Afterward, the disabled locomotive was taken for emergency repairs to the Southampton yard, where it was deemed fit and kept running until it resumed service with the P523. That express train is supposed to skip eight stations between Back Bay and West Natick and make it to Worcester in 80 minutes, about 20 minutes faster than trains making all stops. Instead it died in Newton about 5:30 p.m., this time from a broken crankcase, officials said.

Passenger Lillith Avalon, a Worcester-Boston commuter, said by e-mail: “There were people asking the conductors for water, and there wasn’t any. It was dinner time, and we passengers shared our snacks around with each other as best we could. It was like being stranded on a desert island.’’

Pulled by Train P527, the 5:35 p.m. local, the disabled train reached Worcester in four hours, four minutes, a half hour less than the scheduled time it takes an Amtrak Acela train to go from Boston’s South Station to New York’s Penn Station. The towing train, P527, was itself delayed 90 minutes.

“It was just a nightmare,’’ said Keith Nelson of Framingham, who works in information technology in Boston. He was stuck on P527 while his wife was on the P523. They were supposed to be home by 6 to have dinner with their son. Instead, a neighbor helped the boy with dinner before they arrived, at 8:15.

Nelson said it could have been worse; some passengers had younger children in day-care programs that charge by the minute when late.

Commuter line executives said they thought the locomotive had been sufficiently repaired for evening use, but in a statement they conceded it would have been more prudent to remove it from service or swap it with a locomotive from another train.

The engine for the P523 needs to be in top shape: It propels one of the biggest sets in the system (six double-decker and one single-level coach) on one of the longest rush-hour runs.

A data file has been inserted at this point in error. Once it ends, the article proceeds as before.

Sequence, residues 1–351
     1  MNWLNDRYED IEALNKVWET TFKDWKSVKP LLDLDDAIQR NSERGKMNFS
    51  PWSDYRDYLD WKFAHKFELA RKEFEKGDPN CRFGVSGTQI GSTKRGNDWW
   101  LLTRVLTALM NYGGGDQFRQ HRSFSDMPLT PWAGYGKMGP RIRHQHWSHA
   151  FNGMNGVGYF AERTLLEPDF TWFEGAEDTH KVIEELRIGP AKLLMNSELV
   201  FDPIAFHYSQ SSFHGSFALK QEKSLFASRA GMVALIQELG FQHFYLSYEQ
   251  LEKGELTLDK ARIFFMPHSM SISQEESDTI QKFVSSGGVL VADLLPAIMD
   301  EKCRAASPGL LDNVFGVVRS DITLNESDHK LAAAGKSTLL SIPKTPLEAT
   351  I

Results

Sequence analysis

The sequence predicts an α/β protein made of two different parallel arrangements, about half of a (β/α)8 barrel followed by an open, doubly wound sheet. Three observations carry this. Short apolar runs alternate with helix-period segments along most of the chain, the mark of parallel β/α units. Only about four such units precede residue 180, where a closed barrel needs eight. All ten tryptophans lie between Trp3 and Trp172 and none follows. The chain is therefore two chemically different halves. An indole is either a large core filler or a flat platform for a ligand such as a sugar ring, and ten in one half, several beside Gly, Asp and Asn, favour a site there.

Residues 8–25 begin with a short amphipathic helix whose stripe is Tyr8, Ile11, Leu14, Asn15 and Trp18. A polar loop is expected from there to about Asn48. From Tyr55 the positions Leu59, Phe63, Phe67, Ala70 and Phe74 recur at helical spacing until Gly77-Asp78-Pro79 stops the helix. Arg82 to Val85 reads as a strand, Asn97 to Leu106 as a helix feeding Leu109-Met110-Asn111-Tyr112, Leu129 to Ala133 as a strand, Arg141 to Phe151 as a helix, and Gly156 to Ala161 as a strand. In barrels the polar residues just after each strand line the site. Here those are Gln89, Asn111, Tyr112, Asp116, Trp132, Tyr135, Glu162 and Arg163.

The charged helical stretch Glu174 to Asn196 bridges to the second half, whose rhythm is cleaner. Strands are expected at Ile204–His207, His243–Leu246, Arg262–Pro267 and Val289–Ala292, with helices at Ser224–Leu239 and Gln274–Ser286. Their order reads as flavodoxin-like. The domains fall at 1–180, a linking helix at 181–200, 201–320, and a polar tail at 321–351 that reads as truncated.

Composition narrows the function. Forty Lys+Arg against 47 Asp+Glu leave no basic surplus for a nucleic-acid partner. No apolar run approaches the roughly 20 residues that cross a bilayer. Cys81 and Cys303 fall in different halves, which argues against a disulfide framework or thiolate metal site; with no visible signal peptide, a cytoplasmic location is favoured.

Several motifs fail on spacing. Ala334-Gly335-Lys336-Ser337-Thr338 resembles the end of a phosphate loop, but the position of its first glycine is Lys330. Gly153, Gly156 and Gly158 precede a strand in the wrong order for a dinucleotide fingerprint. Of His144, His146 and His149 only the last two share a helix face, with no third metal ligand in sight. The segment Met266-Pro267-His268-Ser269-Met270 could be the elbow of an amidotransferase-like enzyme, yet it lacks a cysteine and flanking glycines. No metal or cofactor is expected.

“We cannot offer any apology that would justify additional hours of commuting time in one day; we deeply regret the impact that this had on you, your families, and your employers,’’ Hugh J. Kiley Jr., the rail line’s general manager, wrote to riders.

The company said it would review its practices. In an interview, James O’Leary — the former MBTA general manager whose private firm is one of the partners in the commuter rail line’s consortium — also said the decision to reuse the locomotive was a good-faith one made by employees who considered it fit. And he said the company was hamstrung by a lack of spares. It uses 60 of the MBTA’s 82 locomotives on a daily basis, including 36 on South Station lines.

Davey, a former general manager of the commuter line, said the company should have kept more locomotives ready for service.

Customers remained incredulous yesterday.

Steve Adams of Holden was on both of the severely delayed trains Monday, and he spent a combined seven hours sitting on one of the commuter rail’s seats.

Information was in short supply on board the stalled train, but by calling the MBTA’s customer service line, he learned that another train would tow them.

“Part of the frustration any traveler feels is just not knowing timeframes,’’ said Adams. “When your plane gets delayed or your train gets delayed, if you’re told you’re going to be sitting there for 5 minutes or 20 minutes or an hour, there’s a benefit.’’

Jones said she spent more than $300 in each of the last two months on commuter rail passes and parking.

Monday night’s experience made her think that the cost of driving would be worth it.

“That capped it off,’’ she said. “I’m just going to take a break and drive.’’

Michael Levenson of the Globe staff and Globe correspondent Stewart Bishop contributed to this report. Eric Moskowitz can be reached by e-mail at